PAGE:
Now all we have to do is to display these variables on the screen:

    fmt.Println("Title:", extractedData["Title"])
    fmt.Println("Description:", extractedData["Description"])

Let's gather data from the second website to ensure this approach is simple. We won't have to make significant changes to our code for this. We must replace the request body and add variables to fetch the data. We won't display the parts of the code that will remain unchanged, but we will provide the complete code for scraping the product website at the end.

So, let's modify the request body:

    payload := strings.NewReader(`{
        "extract_rules": {
            "Title":"h4",
            "Link":"h4 > a @href",
            "Description":"p",
            "Old":"span.price-old",
            "New":"span.price-new",
            "Tax":"span.price-tax",
            "Image":".image > a @href"
        },
        "wait": 0,
        "screenshot": true,
        "block_resources": false,
        "url": "https://demo.opencart.com/"
    }`)

Add the output of new data at the end:

    fmt.Println("Titles:", extractedData["Title"])
    fmt.Println("Links:", extractedData["Link"])
    fmt.Println("Descriptions:", extractedData["Description"])
    fmt.Println("Old Prices:", extractedData["Old"])
    fmt.Println("New Prices:", extractedData["New"])
    fmt.Println("Taxes:", extractedData["Tax"])
    fmt.Println("Images:", extractedData["Image"])

That's all the script changes done. Let's run it and get all the data we need.

D:\scripts>go run scraper.go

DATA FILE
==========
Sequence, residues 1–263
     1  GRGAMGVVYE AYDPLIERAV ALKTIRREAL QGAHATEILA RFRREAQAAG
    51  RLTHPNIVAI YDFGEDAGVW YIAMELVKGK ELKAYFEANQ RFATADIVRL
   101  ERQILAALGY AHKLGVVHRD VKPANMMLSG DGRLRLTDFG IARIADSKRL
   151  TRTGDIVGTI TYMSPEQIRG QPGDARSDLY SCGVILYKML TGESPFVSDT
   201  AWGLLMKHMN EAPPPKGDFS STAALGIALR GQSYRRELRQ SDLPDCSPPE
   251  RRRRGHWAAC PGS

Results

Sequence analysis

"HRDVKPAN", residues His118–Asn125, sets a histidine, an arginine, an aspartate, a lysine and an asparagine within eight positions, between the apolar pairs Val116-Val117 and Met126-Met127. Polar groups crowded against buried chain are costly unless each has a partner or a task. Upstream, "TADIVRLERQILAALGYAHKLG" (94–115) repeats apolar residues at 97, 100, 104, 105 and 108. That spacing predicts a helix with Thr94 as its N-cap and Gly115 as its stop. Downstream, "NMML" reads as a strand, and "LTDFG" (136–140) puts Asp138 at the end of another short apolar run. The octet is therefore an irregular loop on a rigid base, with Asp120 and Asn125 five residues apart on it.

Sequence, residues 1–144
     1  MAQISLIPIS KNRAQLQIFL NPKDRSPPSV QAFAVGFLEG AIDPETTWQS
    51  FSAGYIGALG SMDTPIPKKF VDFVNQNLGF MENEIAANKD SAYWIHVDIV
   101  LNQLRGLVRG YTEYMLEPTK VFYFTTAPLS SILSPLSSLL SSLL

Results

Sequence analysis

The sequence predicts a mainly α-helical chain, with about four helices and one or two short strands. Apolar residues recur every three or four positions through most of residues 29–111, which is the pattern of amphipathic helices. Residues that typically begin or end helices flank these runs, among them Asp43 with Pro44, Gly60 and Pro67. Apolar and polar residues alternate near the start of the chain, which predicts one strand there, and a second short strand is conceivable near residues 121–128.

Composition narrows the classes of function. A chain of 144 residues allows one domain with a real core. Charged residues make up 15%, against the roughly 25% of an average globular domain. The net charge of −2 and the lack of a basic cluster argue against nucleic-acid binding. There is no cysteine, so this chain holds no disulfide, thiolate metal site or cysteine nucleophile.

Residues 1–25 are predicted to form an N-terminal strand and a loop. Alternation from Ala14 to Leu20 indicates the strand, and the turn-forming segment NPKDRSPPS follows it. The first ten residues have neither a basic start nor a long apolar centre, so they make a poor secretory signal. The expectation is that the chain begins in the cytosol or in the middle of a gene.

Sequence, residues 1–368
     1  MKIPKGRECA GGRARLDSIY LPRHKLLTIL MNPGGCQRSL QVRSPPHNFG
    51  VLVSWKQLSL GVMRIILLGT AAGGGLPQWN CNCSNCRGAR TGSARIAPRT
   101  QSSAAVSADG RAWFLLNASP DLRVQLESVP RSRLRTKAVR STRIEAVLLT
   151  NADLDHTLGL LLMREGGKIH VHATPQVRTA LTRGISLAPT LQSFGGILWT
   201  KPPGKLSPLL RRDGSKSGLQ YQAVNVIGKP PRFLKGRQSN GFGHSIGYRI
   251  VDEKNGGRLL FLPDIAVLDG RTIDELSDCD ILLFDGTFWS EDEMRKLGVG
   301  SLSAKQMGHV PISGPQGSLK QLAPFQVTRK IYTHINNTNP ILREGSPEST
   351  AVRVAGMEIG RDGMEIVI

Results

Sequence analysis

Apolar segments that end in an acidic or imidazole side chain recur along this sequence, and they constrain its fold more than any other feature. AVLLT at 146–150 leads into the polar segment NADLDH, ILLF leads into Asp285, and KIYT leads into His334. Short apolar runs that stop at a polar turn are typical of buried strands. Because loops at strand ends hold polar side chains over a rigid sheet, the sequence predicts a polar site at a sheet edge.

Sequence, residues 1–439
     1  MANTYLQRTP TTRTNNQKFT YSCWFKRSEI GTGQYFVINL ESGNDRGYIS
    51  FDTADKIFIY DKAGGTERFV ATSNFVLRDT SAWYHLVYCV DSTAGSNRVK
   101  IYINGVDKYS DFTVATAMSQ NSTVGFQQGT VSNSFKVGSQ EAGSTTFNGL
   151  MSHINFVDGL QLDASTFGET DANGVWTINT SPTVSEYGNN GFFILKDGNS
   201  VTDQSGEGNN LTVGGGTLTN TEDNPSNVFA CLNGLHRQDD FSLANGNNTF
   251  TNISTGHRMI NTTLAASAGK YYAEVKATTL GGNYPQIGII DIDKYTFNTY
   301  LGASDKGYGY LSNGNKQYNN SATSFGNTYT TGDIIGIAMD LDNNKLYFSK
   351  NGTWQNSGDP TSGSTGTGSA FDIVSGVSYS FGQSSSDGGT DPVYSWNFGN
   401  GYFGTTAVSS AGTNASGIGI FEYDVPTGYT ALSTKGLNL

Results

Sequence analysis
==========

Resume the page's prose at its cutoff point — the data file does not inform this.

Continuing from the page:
Titles: [MacBook iPhone Apple Cinema 30" Canon EOS 5D]
Links: [https://demo.opencart.com/index.php?route=product/product&language=en-gb&product_id=43 https://demo.opencart.com/index.php?route=product/product&language=en-gb&product_id=40 https://demo.opencart.com/index.php?route=product/product&language=en-gb&product_id=42 https://demo.opencart.com/index.php?route=product/product&language=en-gb&product_id=30]
Descriptions: [Your shopping cart is empty!
Intel Core 2 Duo processor
Powered by an Intel Core 2 Duo processor at speeds up to 2.1..
iPhone is a revolutionary new mobile phone that allows you to make a call by simply tapping a nam..
The 30-inch Apple Cinema HD Display delivers an amazing 2560 x 1600 pixel resolution. Designed sp..
Canon's press material for the EOS 5D states that it 'defines (a) new D-SLR category', while we'r.. Powered By OpenCart Your Store © 2023]
Old Prices: [$122.00 $122.00]
New Prices: [$602.00 $123.20 $110.00 $98.00]
Taxes: [Ex Tax: $500.00 Ex Tax: $101.00 Ex Tax: $90.00 Ex Tax: $80.00]
Images: [https://demo.opencart.com/index.php?route=product/product&language=en-gb&product_id=43 https://demo.opencart.com/index.php?route=product/product&language=en-gb&product_id=40 https://demo.opencart.com/index.php?route=product/product&language=en-gb&product_id=42 https://demo.opencart.com/index.php?route=product/product&language=en-gb&product_id=30]